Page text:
Original Optigraph projector poster. Please help date it.:)

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Darren Nemeth

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Original Optigraph projector poster. Please help date it.:)

PostFri Dec 26, 2008 10:29 am

I bought this poster as this year's X-mas present to myself (ain't I thoughtful?). It is a pre-Hollywood projection exhibition poster copyrighted by and featuring Sears' Optigraph projector head.

Measures about 21 x 28 inches. Compared to other prices from this era I paid relatively pennies for it! :shock: :shock: :shock: :shock:

I believe this to be original because of the paper stock and the layout and fonts look similar to other examples of period posters found in my 1907 projection trade catalog.

Here is my question. The Optigraph was sold by Sears Roebuck from around 1896 but changed hands and to another brand name around 1907 - 1908.

Do any of the film subjects listed ring any bells enough to place a year on this?

With clues underlined, the text reads..

A2244 A Wonderful Animated or Moving Picture Exhibition Illustrating the Highest Attainment in the Art of Photography, Showing Life-Size Views of Life and Motion and a Magnificent Stereopticon Exhibition, Illustrating Our New Possessions and Free Cuba. The Greatest Invention of the Age , Animated Pictures, Life-Like Motion; Life Size. The Wonderful Moving Picture Machine will Represent Scenes and Incidents from the Late War with Spain, Railway Trains Going at Full Speed, Marching Scenes, Bicycle Parades, etc. The Optigraph Moving Picture Machine will be used. The Philippines, The Ladrones, Hawaii and Porto Rico, Illustrated Throughout with 52 Magnificent Views Projected from the Stereopticon. A Great Combination of Instructive Entertainment and Amusement! More Information in Two Hours’ Entertainment than in Many Days’ Reading. A Most Interesting and Instructive Lecture will be given describing our New Possessions Beautiful Hawaii, The Philippines, the Theatre of the Present War; Porto Rico, the Pearl of the Antilles; The Ladrones, etc., together with some entirely New Scenes in the Island of Cuba; the natural resources and opportunities for Improvement, Development and Civilization of these Fruitful and Beautiful Countries which have lately been acquired by the United States. The Views will be Illuminated by an intense light, magnified by powerful lenses and projected onto an immense screen with 100 square feet of surface, making them so large the Everyone can see while comfortably seated in any part of the hall. There has been a large amount of money spent in collecting authentic and reliable information in securing the Magnificent Photographic Views we promise you a royal entertainment. Don’t fail to come and bring your friends.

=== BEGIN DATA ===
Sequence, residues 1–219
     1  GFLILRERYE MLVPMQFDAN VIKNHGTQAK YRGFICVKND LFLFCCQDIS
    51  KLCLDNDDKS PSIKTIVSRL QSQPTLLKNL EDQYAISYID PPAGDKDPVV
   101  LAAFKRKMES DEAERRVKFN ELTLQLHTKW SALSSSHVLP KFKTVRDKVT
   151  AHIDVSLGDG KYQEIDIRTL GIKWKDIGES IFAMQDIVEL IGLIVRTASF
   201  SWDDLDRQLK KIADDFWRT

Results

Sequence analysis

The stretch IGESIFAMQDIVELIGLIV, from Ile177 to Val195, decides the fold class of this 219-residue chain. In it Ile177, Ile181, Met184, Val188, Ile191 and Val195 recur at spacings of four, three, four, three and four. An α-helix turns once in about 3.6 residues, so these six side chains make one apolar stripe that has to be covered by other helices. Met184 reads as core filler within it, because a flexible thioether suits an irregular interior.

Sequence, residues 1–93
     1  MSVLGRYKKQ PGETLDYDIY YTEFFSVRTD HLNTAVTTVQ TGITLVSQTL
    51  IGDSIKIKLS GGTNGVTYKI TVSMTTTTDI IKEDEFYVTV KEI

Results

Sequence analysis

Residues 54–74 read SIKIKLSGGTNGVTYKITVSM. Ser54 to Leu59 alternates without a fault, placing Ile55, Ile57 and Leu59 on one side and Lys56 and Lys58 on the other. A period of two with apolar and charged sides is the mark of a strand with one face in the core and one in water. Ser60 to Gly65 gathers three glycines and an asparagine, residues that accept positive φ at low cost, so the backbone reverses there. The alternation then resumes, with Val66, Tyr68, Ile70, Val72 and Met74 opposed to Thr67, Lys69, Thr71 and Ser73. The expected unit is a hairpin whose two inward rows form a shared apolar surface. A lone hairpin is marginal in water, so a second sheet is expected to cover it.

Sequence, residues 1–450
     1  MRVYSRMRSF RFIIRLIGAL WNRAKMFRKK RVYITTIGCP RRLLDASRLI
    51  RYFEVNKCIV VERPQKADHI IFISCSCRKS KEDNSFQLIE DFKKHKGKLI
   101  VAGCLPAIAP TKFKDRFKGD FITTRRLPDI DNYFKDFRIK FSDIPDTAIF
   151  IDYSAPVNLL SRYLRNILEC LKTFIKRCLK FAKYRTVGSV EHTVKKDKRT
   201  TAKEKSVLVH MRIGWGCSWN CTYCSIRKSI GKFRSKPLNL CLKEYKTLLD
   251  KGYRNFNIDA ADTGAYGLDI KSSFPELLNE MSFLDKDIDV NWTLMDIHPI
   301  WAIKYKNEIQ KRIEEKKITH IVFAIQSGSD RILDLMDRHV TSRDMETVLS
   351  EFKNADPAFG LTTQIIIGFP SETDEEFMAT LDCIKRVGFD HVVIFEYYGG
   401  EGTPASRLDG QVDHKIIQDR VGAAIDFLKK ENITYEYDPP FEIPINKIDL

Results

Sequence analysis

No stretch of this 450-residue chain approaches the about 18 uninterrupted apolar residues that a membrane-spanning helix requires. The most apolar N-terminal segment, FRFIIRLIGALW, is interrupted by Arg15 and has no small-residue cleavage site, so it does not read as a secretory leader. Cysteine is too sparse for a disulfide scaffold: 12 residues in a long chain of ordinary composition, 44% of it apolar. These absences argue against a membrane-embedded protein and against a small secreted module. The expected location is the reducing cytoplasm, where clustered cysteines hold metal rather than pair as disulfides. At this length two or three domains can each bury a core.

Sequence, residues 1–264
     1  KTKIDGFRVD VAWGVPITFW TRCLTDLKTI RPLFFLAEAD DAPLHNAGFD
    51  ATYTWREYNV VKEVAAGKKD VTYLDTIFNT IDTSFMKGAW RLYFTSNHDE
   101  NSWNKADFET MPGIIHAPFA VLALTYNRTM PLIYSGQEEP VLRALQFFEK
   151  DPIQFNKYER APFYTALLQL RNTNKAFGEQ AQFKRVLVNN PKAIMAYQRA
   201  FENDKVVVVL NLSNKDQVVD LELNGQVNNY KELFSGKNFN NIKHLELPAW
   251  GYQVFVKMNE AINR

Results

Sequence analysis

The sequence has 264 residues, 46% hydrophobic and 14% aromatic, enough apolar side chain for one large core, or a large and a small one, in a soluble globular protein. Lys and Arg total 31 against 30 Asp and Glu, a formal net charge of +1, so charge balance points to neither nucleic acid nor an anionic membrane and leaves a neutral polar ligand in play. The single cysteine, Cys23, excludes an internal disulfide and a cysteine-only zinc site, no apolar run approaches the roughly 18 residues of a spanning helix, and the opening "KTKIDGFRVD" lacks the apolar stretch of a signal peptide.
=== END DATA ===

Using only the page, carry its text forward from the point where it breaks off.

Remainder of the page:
I think the part with "Theatre of the Present War" may indicate the Spanish-American War(???). However, this was in mid 1898.

Optigraph projectors seem to have been made from 1896 to around 1907 - 1908.

What do you think? Is this poster from 1898???

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Last edited by Darren Nemeth on Fri Dec 26, 2008 11:40 am, edited 3 times in total.
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Darren Nemeth

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PostFri Dec 26, 2008 11:08 am

Other examples of advertizing posters from my 1907s projection trade catalog.

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PostFri Dec 26, 2008 11:15 am

The illustration on the cover of this 1898 catalog found here http://www.xs4all.nl/~wichm/cinelist2.html is similar to the one used for the poster. Both show a large, high class audience watching a "kiss" film on a large screen in a theatre.

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PostFri Dec 26, 2008 1:48 pm

I was going to say that 1898 was a distinct possibility; the language used is similar to adverts in Bristol papers from that time; all the films mentioned are actualities, there's a distinct lack of comedy films. But the time seems to be mid-way through the Spanish-American War as you say; Cuba has been 'Freed', The Philippines still a war zone. Topicality was everything then, so I would suggest no later than Aug/Sept 1898.
But the clincher is that other catalogue cover. In those days of the pioneers, every year brought improvements; the design of the projector is identical; hand cranked, external gears, no obvious take-up spool (I believe the latter also dates it, assuming the illustration to be accurate, to the 1890's)
Nice illustrations from the 1907 catalogues, especially the magic lantern shows of Alice, and The Slums of New York....
I could use some digital restoration myself...
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PostSat Dec 27, 2008 11:47 am

Thanks, Penfold. :) :) :D

This is older than I thought!! Cool to have something from that far back.
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